Rising sea levels, ocean acidification, deforestation, ecological collapse—should our time on Earth end early, these are just a few of the ways in which catastrophe will unfold, given current trends. But these things are not our real killers…
From a psychological perspective, it would be wise to consider the human qualities underlying the environmental changes that now threaten our existence. These problems do not originate outside of us, after all. What’s happening out there—climate change, global warming, etc.—is the result of factors originating within. These are problems of human behaviour on a mass scale. They are the result of complex interactions among numerous social and psychological traits, from denial and greed to a lack of intellectual humility.
But there are two traits that have the potential to bring it all down, if we don’t change our ways soon. I propose that any thorough examination of human nature is likely to reveal that our real killers are apathy and entitlement. (Or alternatively, it could be said that our real killer is narcissism, as this trait is associated with both.) The role of these traits in our collective decline is painfully obvious, once you break it down. And as a species, we are long overdue for a little self-examination.
There is evidence that empathy has been on the decline for decades. Indeed, we are becoming more apathetic. We care less, not only about those around us, but about the world itself, and that includes other living things that exist in that world. This all makes a great deal of sense within the context of rising materialism, entitlement, and narcissism—a clear shift towards greater superficiality. The consequences of apathy are far-reaching, from a lack of engagement in democracy to the passive enabling of corporate greed and further exploitation of the natural world. At a time when people need to care more than ever—when many scientists suggest that it is time to panic (see this article)—many are turning their backs.
But why are we caring less? On one hand, it could be the result of our ongoing disconnect from nature. As we retreat further into our devices and online worlds, we continue to remove ourselves from what is real. Though we have been fed the illusion of an expanded reality, our perspective has narrowed in many ways. Interaction with people and places is far more superficial, with responses often reduced to likes and emojis. We never need to think for too long, or spend too much time, on any one thing. We don’t need to care deeply, or speak meaningfully, or imagine ourselves in anyone else’s shoes. We rarely need to stop, or pay attention, or look at anything for too long, especially ourselves. And on the other hand, we don’t have the time. At least we certainly seem not to.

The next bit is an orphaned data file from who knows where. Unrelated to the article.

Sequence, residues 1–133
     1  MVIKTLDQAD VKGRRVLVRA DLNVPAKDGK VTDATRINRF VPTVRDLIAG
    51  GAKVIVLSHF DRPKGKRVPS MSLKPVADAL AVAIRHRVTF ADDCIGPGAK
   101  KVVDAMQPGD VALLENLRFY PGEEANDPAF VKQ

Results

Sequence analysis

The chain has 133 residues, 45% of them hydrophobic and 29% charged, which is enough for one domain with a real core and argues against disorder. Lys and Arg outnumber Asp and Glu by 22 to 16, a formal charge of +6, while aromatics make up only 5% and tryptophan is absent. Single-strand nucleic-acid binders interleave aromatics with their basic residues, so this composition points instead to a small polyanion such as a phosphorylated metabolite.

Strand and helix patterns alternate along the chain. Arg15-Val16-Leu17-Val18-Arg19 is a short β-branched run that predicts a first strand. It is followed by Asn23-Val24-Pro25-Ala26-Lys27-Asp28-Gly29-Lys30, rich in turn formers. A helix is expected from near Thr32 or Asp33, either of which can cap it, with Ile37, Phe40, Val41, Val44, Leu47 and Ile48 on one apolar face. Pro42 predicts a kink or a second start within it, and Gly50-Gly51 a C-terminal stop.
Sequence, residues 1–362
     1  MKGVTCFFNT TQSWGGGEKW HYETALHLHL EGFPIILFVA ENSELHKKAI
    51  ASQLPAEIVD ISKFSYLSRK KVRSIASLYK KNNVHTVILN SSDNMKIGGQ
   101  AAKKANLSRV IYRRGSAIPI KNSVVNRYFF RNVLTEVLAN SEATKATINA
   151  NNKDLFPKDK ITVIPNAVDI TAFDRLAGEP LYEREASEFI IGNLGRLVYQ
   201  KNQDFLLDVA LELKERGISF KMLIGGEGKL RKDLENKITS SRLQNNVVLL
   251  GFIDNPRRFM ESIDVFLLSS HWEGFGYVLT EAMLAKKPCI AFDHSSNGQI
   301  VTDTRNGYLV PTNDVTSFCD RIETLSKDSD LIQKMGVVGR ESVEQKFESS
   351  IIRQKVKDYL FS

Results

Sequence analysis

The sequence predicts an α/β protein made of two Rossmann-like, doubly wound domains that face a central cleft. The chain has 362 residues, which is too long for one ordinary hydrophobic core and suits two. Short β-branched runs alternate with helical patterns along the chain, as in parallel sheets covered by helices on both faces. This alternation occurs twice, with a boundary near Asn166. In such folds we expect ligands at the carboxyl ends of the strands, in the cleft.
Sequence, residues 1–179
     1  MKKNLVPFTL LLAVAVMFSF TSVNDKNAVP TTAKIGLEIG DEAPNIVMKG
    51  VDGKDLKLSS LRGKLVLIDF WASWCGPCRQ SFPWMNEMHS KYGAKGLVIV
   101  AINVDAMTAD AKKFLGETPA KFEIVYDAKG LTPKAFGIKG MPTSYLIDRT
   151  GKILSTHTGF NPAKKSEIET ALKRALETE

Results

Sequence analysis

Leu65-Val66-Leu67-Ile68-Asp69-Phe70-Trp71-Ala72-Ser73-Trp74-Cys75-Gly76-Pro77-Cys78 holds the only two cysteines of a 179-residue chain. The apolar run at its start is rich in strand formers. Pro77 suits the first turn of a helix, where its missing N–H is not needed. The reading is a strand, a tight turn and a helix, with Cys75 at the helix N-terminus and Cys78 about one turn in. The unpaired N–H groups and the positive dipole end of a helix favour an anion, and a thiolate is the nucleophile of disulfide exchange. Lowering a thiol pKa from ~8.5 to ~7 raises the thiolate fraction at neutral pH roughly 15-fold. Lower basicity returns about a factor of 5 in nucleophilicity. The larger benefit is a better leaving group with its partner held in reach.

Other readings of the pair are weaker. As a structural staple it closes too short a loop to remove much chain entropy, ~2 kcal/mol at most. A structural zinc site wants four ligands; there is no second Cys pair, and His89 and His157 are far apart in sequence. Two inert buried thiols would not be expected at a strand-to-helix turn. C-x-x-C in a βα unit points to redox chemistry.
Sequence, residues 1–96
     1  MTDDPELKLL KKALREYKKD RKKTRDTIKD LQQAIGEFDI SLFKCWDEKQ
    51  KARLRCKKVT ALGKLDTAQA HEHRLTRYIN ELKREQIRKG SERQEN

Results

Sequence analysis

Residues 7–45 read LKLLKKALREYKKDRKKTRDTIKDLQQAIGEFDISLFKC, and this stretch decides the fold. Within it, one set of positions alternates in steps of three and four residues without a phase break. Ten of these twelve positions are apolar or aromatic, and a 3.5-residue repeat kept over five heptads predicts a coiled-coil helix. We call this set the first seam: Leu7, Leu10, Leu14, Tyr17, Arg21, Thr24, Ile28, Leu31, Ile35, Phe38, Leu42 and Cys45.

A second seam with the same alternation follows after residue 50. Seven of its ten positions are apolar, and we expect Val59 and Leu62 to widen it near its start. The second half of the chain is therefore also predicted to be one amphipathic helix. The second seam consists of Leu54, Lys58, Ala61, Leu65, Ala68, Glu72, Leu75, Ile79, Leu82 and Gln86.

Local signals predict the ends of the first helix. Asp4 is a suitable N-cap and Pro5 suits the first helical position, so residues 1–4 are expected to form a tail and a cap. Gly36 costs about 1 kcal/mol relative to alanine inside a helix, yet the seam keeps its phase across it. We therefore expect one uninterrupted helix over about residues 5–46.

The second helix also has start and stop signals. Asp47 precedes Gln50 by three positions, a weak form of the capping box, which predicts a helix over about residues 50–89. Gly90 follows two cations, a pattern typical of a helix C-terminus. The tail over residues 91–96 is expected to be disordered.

As our narcissism appears to be on the rise, so too does our entitlement (see Twenge, 2006, 2013). Western culture as a whole is an entitled culture, fueled by the desire to own more and the belief in our right to “own” anything in the first place. In fact, it’s not limited to the West—as a species, we all tend to believe that we are entitled to nature itself; to use and consume its resources, to own it as “property,” and to manipulate it in such a way that best suits our needs. The damage caused by human entitlement is glaringly obvious; we might consider slavery and war as particularly horrific outcomes within a human context. Yet all human-caused environmental degradation—and climate disruption itself—can be easily and readily tied to our sense of entitlement.